The stunning increase in super-post-Panamax container ships provides carriers with economies of scale and a tricky management challenge.
Balancing supply and demand of the giant ships — vessels with capacities of at least 8,000 20-foot-equivalent units — during the next two to three years will require moderate trade growth, the capture of additional market share from smaller vessels, continued slow-steaming to absorb capacity and, “most importantly,” further delays in deliveries of new ships, a European shipping bank warns in a research report.
If owners and operators abandon the “pro-active supply management” that restricted capacity and enabled them to return to profitability last year, the wave of large ships scheduled for delivery in 2011 and 2012 will cause Asia-Europe rates to crash. “This will, in turn, weigh on the entire container shipping market,” said the report by the Rotterdam-based maritime practice at DVB Bank, the Frankfurt-based banking and investment firm.
|Since 8,000-TEU ships entered service in 2003, super-post-Panamaxes have gained a dominant share of the Asia-Europe trade and “are becoming the backbone of the operating fleet of the top tier global liners,” DVB said in its report on the outlook for the large ships.
By last November, 289 super-post-Panamax ships with 2.75 million TEUs of nominal capacity were in regular liner service. Of these, 197 ships were on Asia-Europe routes and 31 on Europe-Asia-West Coast pendulum services. Ships with 8,000-TEU-plus capacity account for 62 percent of Asia-Europe capacity, a market share expected to rise to 85 percent by the end of 2013.
Most of the remaining 61 vessels were on trans-Pacific routes, with a handful on Suez routes between Asia and the U.S. East Coast.
An additional 236 super-post-Panamax vessels totaling almost 2.6 million TEUs are on order, the DVB report said. That total amounts to 95 percent of the existing super-post-Panamax fleet’s capacity and two-thirds of the total container ship order book.
About 100 super-post-Panamax vessels with 1.1 million TEUs of nominal capacity are due for delivery this year, with another 73 vessels with 860,000-TEU capacity scheduled to enter service in 2012.
The added capacity will be more than Asia-Europe routes can absorb, even at an expected 8 percent growth in cargo volume, DVB said. To maintain market balance, about 5 percent of new super-post-Panamax orders must be canceled and 20 percent of deliveries postponed during the next two years, the report said.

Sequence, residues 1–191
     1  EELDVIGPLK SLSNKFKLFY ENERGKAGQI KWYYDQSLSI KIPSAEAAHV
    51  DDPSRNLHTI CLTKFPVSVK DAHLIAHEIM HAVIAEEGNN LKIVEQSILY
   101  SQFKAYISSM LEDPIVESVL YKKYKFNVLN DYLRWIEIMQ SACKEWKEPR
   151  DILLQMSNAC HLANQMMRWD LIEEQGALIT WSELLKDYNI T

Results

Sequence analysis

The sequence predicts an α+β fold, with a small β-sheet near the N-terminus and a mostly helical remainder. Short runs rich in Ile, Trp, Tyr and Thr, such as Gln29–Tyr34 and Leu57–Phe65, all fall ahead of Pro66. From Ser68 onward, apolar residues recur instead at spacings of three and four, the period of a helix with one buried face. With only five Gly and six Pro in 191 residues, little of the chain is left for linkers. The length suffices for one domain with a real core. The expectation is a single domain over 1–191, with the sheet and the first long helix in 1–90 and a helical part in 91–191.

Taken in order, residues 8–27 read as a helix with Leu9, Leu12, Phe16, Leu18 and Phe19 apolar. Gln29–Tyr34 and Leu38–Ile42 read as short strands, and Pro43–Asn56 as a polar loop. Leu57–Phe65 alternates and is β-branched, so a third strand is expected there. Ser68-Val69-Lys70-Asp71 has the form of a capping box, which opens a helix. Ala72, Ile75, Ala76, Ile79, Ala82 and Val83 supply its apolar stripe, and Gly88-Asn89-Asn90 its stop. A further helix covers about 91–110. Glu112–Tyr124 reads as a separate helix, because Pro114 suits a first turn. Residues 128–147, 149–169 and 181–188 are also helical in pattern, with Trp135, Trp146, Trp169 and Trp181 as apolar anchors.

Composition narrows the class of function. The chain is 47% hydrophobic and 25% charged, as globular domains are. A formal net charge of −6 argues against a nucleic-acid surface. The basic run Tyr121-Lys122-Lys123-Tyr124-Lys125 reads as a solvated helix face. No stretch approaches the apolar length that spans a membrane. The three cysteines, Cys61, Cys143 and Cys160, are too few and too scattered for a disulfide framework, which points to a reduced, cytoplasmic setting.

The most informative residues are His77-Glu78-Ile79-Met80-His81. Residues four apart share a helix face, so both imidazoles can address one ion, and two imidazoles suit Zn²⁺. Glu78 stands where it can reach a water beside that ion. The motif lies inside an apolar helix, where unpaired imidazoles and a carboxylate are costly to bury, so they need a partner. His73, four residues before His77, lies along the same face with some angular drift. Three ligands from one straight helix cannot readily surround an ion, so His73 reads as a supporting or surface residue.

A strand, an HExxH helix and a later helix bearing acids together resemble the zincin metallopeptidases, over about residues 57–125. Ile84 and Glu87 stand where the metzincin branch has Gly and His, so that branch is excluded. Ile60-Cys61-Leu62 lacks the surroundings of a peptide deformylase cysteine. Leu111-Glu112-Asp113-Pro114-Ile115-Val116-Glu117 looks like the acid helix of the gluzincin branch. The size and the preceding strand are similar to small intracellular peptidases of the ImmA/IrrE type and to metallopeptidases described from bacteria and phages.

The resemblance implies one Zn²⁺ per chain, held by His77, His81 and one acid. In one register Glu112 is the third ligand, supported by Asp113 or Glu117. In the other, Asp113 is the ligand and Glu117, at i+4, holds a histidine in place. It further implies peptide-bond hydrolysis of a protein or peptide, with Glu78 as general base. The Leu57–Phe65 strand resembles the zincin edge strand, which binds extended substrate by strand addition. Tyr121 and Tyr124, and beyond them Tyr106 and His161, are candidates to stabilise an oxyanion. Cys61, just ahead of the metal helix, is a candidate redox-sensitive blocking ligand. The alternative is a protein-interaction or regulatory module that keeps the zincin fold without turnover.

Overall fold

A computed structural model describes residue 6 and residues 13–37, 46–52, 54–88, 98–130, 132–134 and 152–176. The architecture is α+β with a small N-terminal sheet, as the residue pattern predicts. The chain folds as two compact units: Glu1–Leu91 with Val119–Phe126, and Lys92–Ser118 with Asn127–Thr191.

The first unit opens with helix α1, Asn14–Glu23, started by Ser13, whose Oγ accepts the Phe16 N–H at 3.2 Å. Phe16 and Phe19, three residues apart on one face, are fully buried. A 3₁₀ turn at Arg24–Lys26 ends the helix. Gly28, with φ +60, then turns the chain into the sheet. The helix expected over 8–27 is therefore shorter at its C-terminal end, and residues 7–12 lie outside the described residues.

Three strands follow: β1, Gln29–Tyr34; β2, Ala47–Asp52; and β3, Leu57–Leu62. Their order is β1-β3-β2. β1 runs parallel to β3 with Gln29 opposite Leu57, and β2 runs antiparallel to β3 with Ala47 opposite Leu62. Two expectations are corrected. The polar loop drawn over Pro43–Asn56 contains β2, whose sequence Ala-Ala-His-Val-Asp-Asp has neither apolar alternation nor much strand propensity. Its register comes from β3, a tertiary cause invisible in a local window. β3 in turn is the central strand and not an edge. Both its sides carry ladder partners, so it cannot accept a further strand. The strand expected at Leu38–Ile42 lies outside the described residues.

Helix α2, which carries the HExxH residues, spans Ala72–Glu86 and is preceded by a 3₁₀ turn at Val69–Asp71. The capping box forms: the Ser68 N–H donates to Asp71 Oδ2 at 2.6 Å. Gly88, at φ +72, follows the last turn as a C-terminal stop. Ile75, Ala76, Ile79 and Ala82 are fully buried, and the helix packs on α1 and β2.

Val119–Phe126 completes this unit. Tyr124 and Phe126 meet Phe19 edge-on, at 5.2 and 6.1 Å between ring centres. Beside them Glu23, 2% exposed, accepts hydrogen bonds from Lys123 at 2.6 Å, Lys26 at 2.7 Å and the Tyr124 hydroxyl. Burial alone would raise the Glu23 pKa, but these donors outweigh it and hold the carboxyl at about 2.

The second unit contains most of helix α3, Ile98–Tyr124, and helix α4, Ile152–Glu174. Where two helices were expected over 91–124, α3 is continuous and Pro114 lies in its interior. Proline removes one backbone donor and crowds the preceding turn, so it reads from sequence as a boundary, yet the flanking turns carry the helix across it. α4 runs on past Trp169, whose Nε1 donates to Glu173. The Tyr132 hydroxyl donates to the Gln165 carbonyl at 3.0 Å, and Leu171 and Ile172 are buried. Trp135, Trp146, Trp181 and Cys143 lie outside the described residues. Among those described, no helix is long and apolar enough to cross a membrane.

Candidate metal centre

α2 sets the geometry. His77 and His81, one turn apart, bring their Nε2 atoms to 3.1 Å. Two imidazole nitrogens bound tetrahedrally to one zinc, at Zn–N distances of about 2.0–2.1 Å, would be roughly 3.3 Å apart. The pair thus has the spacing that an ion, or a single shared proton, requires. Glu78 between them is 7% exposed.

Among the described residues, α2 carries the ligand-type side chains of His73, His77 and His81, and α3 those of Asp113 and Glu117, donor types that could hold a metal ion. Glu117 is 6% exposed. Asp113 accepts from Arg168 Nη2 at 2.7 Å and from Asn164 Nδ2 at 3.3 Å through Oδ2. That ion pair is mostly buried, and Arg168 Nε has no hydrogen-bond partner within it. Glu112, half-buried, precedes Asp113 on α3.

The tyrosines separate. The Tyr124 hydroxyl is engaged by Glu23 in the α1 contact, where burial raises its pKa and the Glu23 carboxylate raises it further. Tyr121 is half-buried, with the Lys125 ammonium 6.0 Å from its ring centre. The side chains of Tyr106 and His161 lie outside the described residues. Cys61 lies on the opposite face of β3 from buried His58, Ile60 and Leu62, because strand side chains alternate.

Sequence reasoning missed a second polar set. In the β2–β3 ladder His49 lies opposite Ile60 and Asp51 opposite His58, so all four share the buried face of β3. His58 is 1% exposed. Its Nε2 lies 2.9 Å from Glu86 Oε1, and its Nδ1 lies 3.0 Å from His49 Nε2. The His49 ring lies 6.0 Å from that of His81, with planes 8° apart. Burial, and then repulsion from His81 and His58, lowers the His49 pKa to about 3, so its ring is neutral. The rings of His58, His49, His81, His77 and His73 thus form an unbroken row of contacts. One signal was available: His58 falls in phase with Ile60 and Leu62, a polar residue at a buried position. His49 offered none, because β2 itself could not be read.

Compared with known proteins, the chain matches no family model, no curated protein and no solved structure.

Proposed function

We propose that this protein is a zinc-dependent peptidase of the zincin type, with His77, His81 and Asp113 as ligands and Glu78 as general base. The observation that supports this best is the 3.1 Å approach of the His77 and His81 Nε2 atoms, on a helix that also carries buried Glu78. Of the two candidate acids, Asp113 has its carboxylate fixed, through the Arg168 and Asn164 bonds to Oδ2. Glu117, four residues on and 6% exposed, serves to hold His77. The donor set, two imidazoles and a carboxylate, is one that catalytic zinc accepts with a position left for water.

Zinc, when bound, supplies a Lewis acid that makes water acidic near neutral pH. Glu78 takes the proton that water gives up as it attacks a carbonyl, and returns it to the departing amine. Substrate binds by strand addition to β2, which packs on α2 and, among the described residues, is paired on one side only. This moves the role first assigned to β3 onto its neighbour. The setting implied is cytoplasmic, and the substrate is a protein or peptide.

Carriers have absorbed much of the growing capacity by slow-steaming. Most Asia-Europe loops now use 10 ships instead of the eight that were required at full speed. But unless fuel prices jump and ship charter rates drop, “any additional artificial vessel demand created by slow-steaming is expected to be limited in the near future,” DVB said.
Because of their size, super-post-Panamax vessels can be deployed on only a limited number of high-volume routes, led by Asia-Europe, where average vessel size has risen to 7,594 TEUs from 4,816 TEUs in 2003.
With super-post-Panamax ships being added at a rate faster than expected market growth, more of the big ships are likely to be deployed on other trades, primarily the trans-Pacific. DBV forecasts the market share of 8,000- to 10,000-TEU ships in Asia-West Coast services will rise from the current 25 percent to 40 percent by the end of 2013.
DVB analysts said the trans-Pacific offers fewer opportunities for slow-steaming. Vessels tend to be smaller than on Asia-Europe routes, reducing the advantage of slow-steaming, and the smaller number of ships per loop makes trans-Pacific services “more sensitive to the fixed costs of deploying additional vessels.”
Orders for 8,000-TEU-plus ships peaked in 2007 at 181 vessels of 2 million TEUs before drying up when the market crashed during the 2008-09 recession. Now some owners are again placing super-post-Panamax orders. Most are for vessels under 10,000 TEUs, although Maersk Line was reported recently to be in advanced discussion with Korea’s Daewoo Shipbuilding to order 10 ships of 18,000-TEU capacity.
Taiwan-based Evergreen, which sat out the ordering spree of a few years ago, ordered 20 ships of 8,800-TEU capacity for a reported $103 million each last year and plans to order 10 more. Neptune Orient Lines has ordered ten 8,400-TEU ships for APL for a reported $98 million each.
Average per-slot costs of 8,000- to 10,000-TEU ships have dropped to about $11,500 from the $16,900 that prevailed in 2008 when the last orders were placed for similar-sized ships, the DVB report said.
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